Tuesday, March 26, 2024

Setting the CARDINALITY (undocumented) hint on two tables

I was trying to solve a performance problem in a query containing a left join on two global temporary tables. 

Clearly if you run an Explain Plan on such tables, the cardinality is totally wrong, but theoretically you should be able to "simulate" the right cardinality with the undocumented hint CARDINALITY.

The second problem is that apparently such hint accepts only one table or I couldn't find any example of usage when you need to set the value for two tables.

So I came up with the following workaround using the WITH clause.
If the resulting plan is correct, then it's easily understood why a query with a cost of 7513724 takes ages to return the results.

zoo_01 as (
select /*+ CARDINALITY(gtt_rpt_zoo_01 38974) */ * from reports.gtt_rpt_zoo_01),
zoo_03 as (
select /*+ CARDINALITY(gtt_rpt_zoo_03 38967) */ * from reports.gtt_rpt_zoo_03)
FROM zoo_01, zoo_03

If there is an alternate method, I'd be glad to know...

Friday, March 15, 2024

Order of appearance of functions and subqueries in a WITH ... SELECT

I don't know if it is the same for you but I tend to forget certain details, that's why often I need to write down some examples in this place to save time for the future.

For instance one thing that I tend to forget is the order in which you can specify functions and subqueries inside the same WITH. 

Functions must come first, then subqueries, if any.

Here is a working example, two functions, two subqueries and the final SELECT.

   -- first function
function msg ( msgnum in integer) return varchar2
 s varchar2(200);
 i pls_integer;
 i := utl_lms.get_message(msgnum, 'rdbms', 'ora', 'italian', s);
 return 'ORA-'||to_char(msgnum,'TM9')||': '||s;
  -- second function
function msg2 ( msgnum in integer) return varchar2
 s varchar2(200); i pls_integer; begin i := utl_lms.get_message(msgnum, 'rdbms', 'ora', 'italian', s); return 'ORA-'||to_char(msgnum,'TM9')||': '||s; end; -- some subqueries x as (select 13367 as a from dual ), y as (select 13368 as a from dual) -- final query select msg(a) from x union all select msg2(a) from y;
According to a performance comparison made by Tim Hall, inline functions seems to be faster than equivalent ordinary functions unless PRAGMA UDF has been specified in the latter, in which case ordinary functions seem to outperform the inline ones.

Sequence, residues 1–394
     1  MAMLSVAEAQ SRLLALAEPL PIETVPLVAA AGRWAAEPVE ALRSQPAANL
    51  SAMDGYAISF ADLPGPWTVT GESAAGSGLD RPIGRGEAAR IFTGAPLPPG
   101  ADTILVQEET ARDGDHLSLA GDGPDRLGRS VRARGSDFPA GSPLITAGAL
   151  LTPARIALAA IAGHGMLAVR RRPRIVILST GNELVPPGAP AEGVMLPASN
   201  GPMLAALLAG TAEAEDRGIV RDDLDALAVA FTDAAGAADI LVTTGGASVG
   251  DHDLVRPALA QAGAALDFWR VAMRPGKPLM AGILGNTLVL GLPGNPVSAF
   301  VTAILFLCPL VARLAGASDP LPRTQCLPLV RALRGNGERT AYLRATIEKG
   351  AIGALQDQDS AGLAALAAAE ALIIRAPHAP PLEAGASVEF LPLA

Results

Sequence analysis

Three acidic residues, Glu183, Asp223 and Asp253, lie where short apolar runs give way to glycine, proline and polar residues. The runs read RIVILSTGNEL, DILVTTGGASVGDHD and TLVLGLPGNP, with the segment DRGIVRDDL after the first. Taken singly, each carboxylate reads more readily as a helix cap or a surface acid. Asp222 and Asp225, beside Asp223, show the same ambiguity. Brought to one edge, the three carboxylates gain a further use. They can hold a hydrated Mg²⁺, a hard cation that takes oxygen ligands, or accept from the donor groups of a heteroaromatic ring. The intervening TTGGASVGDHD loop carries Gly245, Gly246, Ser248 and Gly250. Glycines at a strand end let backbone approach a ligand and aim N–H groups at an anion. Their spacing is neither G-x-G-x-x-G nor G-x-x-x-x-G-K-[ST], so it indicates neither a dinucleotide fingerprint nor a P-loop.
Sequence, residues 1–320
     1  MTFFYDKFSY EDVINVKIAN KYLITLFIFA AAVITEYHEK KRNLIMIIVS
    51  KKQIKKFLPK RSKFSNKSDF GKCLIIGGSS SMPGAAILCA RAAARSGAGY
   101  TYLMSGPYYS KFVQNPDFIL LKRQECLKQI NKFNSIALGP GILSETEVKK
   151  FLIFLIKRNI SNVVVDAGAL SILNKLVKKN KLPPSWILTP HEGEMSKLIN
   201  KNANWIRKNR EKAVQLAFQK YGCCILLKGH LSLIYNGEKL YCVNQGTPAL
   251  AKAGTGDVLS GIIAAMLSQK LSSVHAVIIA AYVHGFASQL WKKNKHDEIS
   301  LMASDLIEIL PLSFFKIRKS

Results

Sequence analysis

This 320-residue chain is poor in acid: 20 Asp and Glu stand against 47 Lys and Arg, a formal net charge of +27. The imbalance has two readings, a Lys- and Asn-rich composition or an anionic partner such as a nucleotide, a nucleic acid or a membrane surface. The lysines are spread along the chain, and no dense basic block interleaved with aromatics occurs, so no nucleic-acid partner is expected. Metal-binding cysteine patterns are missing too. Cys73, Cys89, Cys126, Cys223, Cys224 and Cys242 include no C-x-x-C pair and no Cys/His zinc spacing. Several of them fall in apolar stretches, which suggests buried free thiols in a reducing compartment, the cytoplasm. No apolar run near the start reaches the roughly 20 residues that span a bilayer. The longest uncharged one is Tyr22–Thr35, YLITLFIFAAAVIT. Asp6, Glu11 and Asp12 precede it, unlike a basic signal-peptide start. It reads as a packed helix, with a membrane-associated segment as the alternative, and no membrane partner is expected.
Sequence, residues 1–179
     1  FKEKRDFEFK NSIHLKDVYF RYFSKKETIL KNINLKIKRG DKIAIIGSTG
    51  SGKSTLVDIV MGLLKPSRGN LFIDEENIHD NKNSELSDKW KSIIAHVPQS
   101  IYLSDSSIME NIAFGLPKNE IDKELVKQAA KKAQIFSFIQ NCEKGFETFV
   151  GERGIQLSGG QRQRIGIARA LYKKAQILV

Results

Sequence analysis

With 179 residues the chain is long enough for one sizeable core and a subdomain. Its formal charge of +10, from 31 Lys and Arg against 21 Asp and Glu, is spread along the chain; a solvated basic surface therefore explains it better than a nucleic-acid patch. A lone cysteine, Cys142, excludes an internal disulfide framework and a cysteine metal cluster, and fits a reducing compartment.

Adding PRAGMA UDF to inline functions doesn't seem to make any difference.

Tuesday, March 05, 2024

When #OWNER# is not the OWNER you expected

Oracle provides developers with a ton of dictionary views, many of which containing a column called OWNER, basically most of the DBA* and ALL* views contain such column, with a few exceptions, for instance compare view ALL_INDEXES with ALL_IND_COLUMNS and try to figure out why the latter comes with a column called INDEX_OWNER while the former comes with a simple OWNER.

If you are developing an APEX report based on some of these views and for some reason the report comes with a link to another page where you pass the value of the OWNER column as a parameter using the #OWNER# substitution string, as APEX itself suggests if you click on the helper icon in the link builder, you won't get the OWNER you expect, because #OWNER# is a undocumented APEX substitution string that gets replaced with the name of the primary schema attached to the workspace.

I created a simple application on APEX.ORACLE.COM to show this behavior (open door credentials).

I believe that someone should update the section dedicated to the Substitution strings in the APEX Builder manual and add #OWNER# to the list and I am almost 100% sure that #OWNER# is a legitimate substitution string that gets replaced everywhere, not just accidentally in report links.

So, at the end of the day, if you need to pass the owner of something inside a link, you must rename the column, and I'd recommend avoiding the word OWNER altogether, use SCHEMA instead.


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